Charlotte Dolls

The classic parent line “you are not going out dressed like that” has true reverence in this tale of woe. As the dreaded “Beast From The East” is on the horizon and the UK fears it will be bringing with it snow, hail and all things nasty & cold for the second year in a row. It is a perfect time to remember that dressing for these conditions opt for function rather than fashion.
So what better way to reiterate this fact than a morbid tale of death and despair?
The mid 19th century poem written by Seba Smith was based upon an early 19th century tale that tells the tragic story of how poor Charlotte was too concerned with looking her best and how she met her demise en route to a ball.
This of course inspired macabre Victorian society to take the lesson to a whole new level. Charlotte dolls were small porcelain figurines that were kept in coffins until being baked in cakes for young ladies to find, a stark and morbid reminder that mother knows best.

Fair Charlotte by Seba Smith (1843)
Young Charlotte lived by the mountainside,
In a lonely, dreary spot;
No other dwelling for three miles round,
Except her father’s cot.
And yet on many a winter’s eve,
Young swains would gather there,
For her father kept a social abode,
And she was very fair
Her father liked to see her dressed,
Just like some city belle;
She was the only child he had,
He loved his daughter well.
Her hair was black as raven’s wings,
Her skin was lily fair,
And her teeth were like the pearls of white,
None with her could compare
At a village just sixteen miles off,
There’s a merry ball tonight,
Although the air is freezing cold,
Her heart is warm and light.
And there she watched with an anxious look,
‘Til a well-known voice she heard,
And driving up to the cottage door,
Young Charles in his sleigh appeared.
The mother to her daughter said,
“These blankets round you fold;
For it is a dreadful night, you know,
You’ll catch your death of cold.”
“Oh, no! Oh, no!” the darling cried,
She laughed like a gypsy queen,
“For to ride in blankets muffled up,
I never could be seen.”
“My silken cloak, it’s quite enough –
You know it’s lined throughout.
Besides I have a silk mantle,
To tie my face about.”
The gloves and bonnet being on,
They jumped into the sleigh,
And away they did ride o’er the mountainside
And the hills so far away.
There is music in the sounds of bells,
As over the hills they go;
What a creaking wake the runners make,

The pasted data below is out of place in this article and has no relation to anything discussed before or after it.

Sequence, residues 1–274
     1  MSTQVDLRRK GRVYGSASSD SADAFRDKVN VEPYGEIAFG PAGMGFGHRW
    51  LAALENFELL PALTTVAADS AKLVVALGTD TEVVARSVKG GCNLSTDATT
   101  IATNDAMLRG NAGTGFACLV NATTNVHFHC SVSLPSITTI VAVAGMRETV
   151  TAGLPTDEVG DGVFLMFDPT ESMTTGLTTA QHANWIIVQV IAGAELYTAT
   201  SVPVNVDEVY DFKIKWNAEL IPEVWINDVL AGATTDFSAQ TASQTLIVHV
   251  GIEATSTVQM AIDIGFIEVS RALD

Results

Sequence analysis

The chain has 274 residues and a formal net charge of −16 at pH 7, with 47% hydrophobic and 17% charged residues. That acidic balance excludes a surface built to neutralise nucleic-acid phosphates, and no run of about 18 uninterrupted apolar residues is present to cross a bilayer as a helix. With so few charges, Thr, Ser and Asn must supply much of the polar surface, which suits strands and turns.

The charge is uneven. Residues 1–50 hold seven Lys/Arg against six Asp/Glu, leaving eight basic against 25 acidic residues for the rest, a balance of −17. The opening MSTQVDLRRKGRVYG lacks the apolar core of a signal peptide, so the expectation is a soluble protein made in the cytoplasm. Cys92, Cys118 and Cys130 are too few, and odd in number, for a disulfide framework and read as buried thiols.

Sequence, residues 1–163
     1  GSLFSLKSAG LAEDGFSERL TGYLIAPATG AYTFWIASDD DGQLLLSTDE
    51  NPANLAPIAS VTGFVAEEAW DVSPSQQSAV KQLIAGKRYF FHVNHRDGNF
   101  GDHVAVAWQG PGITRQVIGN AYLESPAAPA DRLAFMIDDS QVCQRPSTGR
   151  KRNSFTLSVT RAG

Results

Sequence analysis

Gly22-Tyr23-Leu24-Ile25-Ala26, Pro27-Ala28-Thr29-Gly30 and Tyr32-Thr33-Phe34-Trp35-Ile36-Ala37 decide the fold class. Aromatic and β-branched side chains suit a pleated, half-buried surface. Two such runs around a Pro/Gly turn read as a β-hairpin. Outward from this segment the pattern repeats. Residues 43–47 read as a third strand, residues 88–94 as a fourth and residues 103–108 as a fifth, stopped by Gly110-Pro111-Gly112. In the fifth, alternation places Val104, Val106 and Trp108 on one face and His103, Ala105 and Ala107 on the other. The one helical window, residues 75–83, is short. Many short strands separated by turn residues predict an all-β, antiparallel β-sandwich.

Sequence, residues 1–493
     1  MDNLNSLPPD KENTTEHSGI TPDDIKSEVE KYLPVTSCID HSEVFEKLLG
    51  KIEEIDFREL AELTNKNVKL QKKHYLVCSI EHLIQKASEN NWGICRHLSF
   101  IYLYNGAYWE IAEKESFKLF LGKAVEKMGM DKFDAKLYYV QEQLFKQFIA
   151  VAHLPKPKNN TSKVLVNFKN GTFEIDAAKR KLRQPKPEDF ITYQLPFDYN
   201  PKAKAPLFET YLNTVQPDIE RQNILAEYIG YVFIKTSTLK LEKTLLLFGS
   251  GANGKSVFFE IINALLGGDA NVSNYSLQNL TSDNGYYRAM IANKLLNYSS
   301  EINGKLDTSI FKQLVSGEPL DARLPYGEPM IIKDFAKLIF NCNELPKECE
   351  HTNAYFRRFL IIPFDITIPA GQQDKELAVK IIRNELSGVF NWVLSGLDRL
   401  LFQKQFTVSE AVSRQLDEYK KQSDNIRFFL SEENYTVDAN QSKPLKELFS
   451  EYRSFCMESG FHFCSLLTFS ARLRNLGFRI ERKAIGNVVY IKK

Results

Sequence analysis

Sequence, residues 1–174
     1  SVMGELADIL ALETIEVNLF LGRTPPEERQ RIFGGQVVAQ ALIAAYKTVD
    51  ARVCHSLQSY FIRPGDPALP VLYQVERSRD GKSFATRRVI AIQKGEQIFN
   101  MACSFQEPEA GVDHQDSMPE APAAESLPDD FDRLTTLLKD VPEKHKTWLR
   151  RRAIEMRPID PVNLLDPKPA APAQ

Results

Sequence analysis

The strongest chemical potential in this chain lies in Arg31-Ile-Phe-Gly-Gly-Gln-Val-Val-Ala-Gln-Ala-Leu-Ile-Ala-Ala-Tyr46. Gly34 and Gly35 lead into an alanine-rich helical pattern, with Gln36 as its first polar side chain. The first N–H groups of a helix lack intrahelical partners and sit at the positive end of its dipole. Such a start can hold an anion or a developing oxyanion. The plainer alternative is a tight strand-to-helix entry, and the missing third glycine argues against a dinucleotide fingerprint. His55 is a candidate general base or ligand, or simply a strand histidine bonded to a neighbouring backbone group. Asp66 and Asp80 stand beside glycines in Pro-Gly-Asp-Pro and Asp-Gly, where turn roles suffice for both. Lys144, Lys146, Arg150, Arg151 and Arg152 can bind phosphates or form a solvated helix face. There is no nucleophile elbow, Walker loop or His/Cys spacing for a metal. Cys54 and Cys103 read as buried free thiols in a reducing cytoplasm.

As they bite the frozen snow.
And away they then go silently,
‘Til five cold miles were passed,
And Charles with these few frozen words,
The silence broke at last.
“Such a night as this I never knew,
My lines I scarce can hold.”
With a trembling voice young Charlotte cried,
“I am exceeding cold.”
He cracked the whip, he urged his steed
Much faster than before,
Until at last five other cold miles,
In silence they rode o’er.
“How very fast the freezing air
Is gathering on my brow.”
With a trembling voice young Charlotte cried,
“I’m growing warmer now.”
And away they did ride o’er the mountainside,
And through the pale star light,
Until the village inn they reached,
And the ballroom hove in sight.
When they reached the inn, young Charles jumped out,
And gave his hand to her,
“Why sit you there like a monument,
And have no power to stir?”
He called her once, he called her twice,
She answered not a word;
He called all for her hand again,
But still she never stirred.
He stripped the mantle off her brow,
And the pale stars on her shone,
And quickly into the lighted hall,
Her helpless form was born.
They tried all within their power,
Her life for to restore,
But Charlotte was a frozen corpse,
And is never to speak more.
He threw himself down by her side,
And the bitter tears did flow,
He said, “My dear and intended bride,
You never more shall know.”
He threw his arms around her neck,
He kissed her marble brow,
And his thoughts went back to the place where she said,
“I am growing warmer now.”
They bore her out into the sleigh,
And Charles with her rode home,
And when they reached the cottage door,
Oh, how her parents mourned!
They mourned the loss of their daughter dear,
And Charles mourned o’er her doom,
Until at last his heart did break,
Now they both slumber in one tomb.

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